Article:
This is me, Moscow - a two and a half year old German Shepherd. I'm a rescue dog, although I don't like to think of myself as that. I moved from one loving home (where I was just a bit too strong for my owner) to another. I love being out in the garden, where I like nothing better than chasing a ball. And it's becoming even more fun out in the garden now the weather is warming up. There are flying and buzzing creatures that I can chase and snap at in the air. There are puzzling crawly creatures that I can follow along the ground with my nose. I'm particularly enjoying pushing my snout around among the bushes in the border - I'm sure I saw a frog heading for the new pond in there. And there's some nice long grass between the raised beds that I sometimes feel the urge to chew. There are lots of fat wood pigeons to chase off but I never catch them even though they look so fat. No such luck, and so no supplement to my regular diet of a fish and vegetable dry food (which was settled on after a lot of trial and error and suits my sensitive tummy).
While I love the garden, I do enjoy a walk out. I'm lucky that there are some great fields really close to home. And we're only a car ride (which I also love) from the New Forest. What could possibly go wrong? Well I wouldn't want to be ill for a start.
ESCCAPUK&Ireland, the veterinary parasite specialists say all dogs should have regular basic protection against the two ubiquitous parasites: fleas (better to prevent than have to treat) and roundworm (a wormer every 3 months for most dogs, but monthly if you're a dog that catches prey or lives with a susceptible human - a young child or person with a disease or on treatment that affects their immune system). But some dogs need more protection than this, depending on how they live their lives, and there are three more parasites to think of.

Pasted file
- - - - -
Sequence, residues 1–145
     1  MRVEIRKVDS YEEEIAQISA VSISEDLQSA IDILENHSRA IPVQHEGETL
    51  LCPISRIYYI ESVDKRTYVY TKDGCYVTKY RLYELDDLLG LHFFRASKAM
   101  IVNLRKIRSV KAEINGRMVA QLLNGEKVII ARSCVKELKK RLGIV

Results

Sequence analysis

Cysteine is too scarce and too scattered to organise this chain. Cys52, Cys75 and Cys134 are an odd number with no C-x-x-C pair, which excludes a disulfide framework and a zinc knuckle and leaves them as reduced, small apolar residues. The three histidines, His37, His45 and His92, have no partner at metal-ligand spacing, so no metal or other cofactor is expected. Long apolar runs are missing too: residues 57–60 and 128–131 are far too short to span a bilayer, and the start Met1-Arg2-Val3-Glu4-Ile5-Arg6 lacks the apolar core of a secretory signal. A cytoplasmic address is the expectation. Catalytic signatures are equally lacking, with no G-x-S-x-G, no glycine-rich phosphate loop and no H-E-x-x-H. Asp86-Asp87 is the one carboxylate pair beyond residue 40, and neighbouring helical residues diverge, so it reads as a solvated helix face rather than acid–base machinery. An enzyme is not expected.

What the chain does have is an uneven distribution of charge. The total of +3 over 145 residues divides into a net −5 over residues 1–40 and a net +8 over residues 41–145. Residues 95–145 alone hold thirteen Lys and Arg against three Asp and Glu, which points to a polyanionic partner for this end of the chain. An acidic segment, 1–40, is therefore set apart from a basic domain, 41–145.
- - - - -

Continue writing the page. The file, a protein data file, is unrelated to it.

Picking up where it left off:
If you're a dog that gets fed raw meat or that catches prey, then you also want to think about protection against tapeworm. That's not me.
If you've ever had a tick on your body (which I have), then you should be thinking about protection, especially if you live in an area where ticks carry diseases (like around here), and definitely if you're going abroad - you wouldn't want to be responsible for helping new tick-borne diseases get established here. But you can't rely completely on tick protection products - and so it's still a good idea (and rather pleasant) have someone run their hands over you after a walk.
Finally, there's lungworm, a pesky disease that is carried by slugs, snails, frogs and the like. There might be slugs on the grass I chew and I can't promise that I wouldn't eat a frog if I could catch one. But are the creatures in my garden infected? How could I know? Knowing if other dogs in my area have been affected would help. I'm sure my vet will help my owner understand whether I need protection, and also what to look out for if I were ever to become ill.
Got to go now. There's a ball to catch.